Canola Oil Vs. Vegetable Oil: Is There A Nutritional Difference?

Canola oil and vegetable oil are nearly interchangeable, according to Simply Recipes. You'll find both oils versatile for all cooking needs from pan to deep fat frying and even in baking. Both have high smoke points (around 400 degrees Fahrenheit), a similar pale-gold color, and no flavor profile, so your food is sure to taste as it should. And while it's true that canola oil is vegetable oil, not all vegetable oil is canola oil, and there are other differences worth considering. 

Canola oil is extracted from the rapeseed plant (related to the cabbage) and was crossbred by Canadian scientists to reduce the plant's erucic acid. According to Healthline, canola is short for Canada and "ola," meaning oil. In the U.S. and Canada, most canola oil is genetically modified, but studies have shown that GMOs are not necessarily dangerous.

Many vegetable oils are also genetically modified, but unlike canola oil, which is made from one breed of plant, vegetable oil is not made from vegetables at all, at least not from vegetables we commonly consume (via Kosher Spirit). Since it's made from different sources, primarily corn, palm, and soybeans, among other plants, the term "vegetable oil" is more about separating it from animal products.

So now that we know what they are, how do these two oils, indistinguishable to the naked eye, differ nutritionally?

The nutritional profile of canola oil

Canola oil has 124 calories per tablespoon and 14 grams of fat, according to Healthline, and only one gram of saturated fat. It has nine grams of monounsaturated fat and four grams of polyunsaturated fat. But it also contains 16% of the daily value of the antioxidant, Vitamin E, and 8% of the daily value of Vitamin K, which helps to build healthy bone tissue and aids in blood clotting, according to Harvard University.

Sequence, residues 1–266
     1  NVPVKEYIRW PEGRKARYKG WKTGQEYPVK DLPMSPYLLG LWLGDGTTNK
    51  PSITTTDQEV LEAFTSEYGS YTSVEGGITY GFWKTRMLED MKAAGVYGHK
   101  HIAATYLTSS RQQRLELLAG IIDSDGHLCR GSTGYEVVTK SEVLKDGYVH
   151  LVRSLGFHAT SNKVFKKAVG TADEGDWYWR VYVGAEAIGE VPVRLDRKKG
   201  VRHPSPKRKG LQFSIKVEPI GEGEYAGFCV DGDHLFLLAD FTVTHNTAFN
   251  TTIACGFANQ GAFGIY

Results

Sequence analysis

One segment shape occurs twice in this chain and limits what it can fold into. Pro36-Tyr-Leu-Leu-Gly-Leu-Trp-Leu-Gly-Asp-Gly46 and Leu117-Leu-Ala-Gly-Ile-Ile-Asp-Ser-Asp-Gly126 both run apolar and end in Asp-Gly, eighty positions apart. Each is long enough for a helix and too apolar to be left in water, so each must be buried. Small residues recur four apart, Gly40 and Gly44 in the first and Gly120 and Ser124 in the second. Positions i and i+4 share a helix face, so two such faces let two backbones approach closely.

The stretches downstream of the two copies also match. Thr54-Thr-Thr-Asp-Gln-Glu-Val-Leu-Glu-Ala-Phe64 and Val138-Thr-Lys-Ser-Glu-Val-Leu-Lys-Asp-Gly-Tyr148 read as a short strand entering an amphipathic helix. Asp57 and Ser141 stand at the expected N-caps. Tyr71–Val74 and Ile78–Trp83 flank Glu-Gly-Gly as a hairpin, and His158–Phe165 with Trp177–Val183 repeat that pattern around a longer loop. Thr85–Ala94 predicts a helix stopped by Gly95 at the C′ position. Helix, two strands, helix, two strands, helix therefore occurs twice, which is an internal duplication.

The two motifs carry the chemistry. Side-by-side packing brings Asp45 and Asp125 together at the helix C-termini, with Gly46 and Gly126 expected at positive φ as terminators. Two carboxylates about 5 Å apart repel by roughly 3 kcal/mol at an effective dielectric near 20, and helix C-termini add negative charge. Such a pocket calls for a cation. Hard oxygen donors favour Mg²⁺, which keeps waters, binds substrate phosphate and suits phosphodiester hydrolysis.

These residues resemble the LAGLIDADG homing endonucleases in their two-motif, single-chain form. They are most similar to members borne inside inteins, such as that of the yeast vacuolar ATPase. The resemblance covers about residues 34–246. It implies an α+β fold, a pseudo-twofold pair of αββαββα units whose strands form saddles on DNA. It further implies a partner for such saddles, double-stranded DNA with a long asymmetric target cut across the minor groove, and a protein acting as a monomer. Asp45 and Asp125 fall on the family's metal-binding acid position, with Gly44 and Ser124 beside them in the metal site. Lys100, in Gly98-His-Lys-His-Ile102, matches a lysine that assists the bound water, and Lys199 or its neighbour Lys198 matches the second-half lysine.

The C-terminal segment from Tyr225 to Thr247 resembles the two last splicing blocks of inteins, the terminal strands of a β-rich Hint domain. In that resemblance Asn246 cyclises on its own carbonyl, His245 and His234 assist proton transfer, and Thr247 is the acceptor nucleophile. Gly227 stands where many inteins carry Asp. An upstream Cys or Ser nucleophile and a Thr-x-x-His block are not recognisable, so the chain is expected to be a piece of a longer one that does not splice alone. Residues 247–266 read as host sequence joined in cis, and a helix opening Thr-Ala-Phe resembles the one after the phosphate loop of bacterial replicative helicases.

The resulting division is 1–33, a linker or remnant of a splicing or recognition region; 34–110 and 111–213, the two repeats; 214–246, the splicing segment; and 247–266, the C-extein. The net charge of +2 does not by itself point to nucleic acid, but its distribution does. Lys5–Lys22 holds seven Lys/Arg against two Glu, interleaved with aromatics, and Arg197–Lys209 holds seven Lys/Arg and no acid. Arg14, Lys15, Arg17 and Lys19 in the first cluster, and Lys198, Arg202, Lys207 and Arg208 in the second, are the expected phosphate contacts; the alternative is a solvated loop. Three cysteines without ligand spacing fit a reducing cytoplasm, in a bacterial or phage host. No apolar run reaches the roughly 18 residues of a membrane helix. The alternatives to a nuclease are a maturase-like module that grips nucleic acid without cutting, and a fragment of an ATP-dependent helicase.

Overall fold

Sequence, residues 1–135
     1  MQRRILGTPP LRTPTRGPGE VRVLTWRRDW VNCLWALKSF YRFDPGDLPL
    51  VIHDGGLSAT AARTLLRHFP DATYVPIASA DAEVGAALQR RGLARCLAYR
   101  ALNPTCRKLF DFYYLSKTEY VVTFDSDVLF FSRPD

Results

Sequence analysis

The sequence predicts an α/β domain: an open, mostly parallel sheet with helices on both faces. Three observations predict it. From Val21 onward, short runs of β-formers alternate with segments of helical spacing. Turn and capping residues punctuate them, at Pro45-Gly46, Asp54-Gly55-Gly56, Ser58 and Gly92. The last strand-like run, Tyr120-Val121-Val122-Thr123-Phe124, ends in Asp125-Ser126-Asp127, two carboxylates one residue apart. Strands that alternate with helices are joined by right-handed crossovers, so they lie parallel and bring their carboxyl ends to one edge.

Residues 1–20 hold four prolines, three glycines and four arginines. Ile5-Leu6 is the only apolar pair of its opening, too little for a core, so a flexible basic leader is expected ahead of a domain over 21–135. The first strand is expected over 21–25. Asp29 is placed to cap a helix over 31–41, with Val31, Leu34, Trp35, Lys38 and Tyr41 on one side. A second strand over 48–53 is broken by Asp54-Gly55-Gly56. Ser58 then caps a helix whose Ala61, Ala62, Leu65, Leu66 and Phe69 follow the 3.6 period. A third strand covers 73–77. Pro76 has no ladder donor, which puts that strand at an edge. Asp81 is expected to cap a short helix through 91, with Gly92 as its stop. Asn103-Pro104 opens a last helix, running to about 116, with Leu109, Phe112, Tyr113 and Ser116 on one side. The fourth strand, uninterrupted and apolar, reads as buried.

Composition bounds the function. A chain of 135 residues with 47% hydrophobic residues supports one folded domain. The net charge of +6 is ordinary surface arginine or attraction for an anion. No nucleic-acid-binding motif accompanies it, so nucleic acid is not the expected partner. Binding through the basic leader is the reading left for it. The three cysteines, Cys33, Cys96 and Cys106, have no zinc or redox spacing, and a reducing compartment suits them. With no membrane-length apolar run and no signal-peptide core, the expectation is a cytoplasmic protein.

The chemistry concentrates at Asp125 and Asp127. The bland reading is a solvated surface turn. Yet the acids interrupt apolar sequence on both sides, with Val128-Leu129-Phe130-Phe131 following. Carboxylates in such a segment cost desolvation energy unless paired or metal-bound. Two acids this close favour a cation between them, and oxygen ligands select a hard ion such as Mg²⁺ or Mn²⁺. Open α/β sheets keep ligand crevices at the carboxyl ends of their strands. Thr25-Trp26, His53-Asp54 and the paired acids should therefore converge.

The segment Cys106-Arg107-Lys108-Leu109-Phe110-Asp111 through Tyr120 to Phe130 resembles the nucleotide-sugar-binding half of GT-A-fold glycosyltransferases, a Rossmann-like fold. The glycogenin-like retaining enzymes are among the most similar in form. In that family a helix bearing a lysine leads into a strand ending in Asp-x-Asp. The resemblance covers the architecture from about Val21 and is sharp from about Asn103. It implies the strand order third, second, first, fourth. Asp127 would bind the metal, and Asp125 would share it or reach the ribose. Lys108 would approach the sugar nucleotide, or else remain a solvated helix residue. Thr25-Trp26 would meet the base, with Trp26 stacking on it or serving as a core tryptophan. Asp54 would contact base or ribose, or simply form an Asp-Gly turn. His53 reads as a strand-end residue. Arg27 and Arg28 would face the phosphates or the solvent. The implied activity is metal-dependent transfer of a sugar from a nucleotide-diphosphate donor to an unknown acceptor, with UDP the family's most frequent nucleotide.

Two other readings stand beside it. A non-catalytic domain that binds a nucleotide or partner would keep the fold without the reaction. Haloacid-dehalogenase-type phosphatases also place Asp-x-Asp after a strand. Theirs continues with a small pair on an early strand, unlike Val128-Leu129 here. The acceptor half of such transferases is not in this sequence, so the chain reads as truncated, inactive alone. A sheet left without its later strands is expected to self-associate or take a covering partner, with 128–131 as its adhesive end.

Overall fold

Where canola oil stands out among cooking oils, though, is that it is high in Omega-3 oils, which help prevent heart disease, stroke, and may also help prevent certain cancers. It also contains Omega-6 oils, which in lower amounts can be beneficial to overall health.

Canola oil is also processed in two ways, according to Centra Foods, of which the most common is heating and crushing the rapeseed, and then extracting with a chemical compound called hexane. Alternatively, you can buy cold-pressed versions of canola oil, which are a bit harder to find, and are produced without hexane. But according to MedicineNet, there is no evidence that one form of production is nutritionally better than the other.

How vegetable oil compares

Vegetable oil is similar to canola oil in the calorie count, but checks in a bit lighter at 117 calories per tablespoon and 13.6 grams of fat according to Women's Health. It also contains similar amounts of Vitamins E and K. The key difference between the two oils is in saturated fats — where canola has only one gram of saturated fat in its total 14 fat grams, vegetable oil comes in at 11 grams in its total of 13.6 grams. 

That isn't the only difference, however. Vegetable oil also contains higher levels of healthy Omega-6 fats, which can help fight inflammation in the body. On the flip side, vegetable oil is often hydrogenated in order to extend its shelf life, and according to Healthline, this creates more trans-fats. Trans-fats that are not naturally produced in the stomachs of cattle, sheep, and other animals are associated with elevated levels of cholesterol and heart disease. To avoid hydrogenated oils, the American Diabetes Association suggests looking specifically for vegetable oils like sunflower, soybean, corn, or olive oil.

The nutritional differences between canola oil and vegetable oil are not noticeable in terms of their flavors and uses. But a look at what each of them contains reveals differences that are worth taking into consideration when you compare them side by side.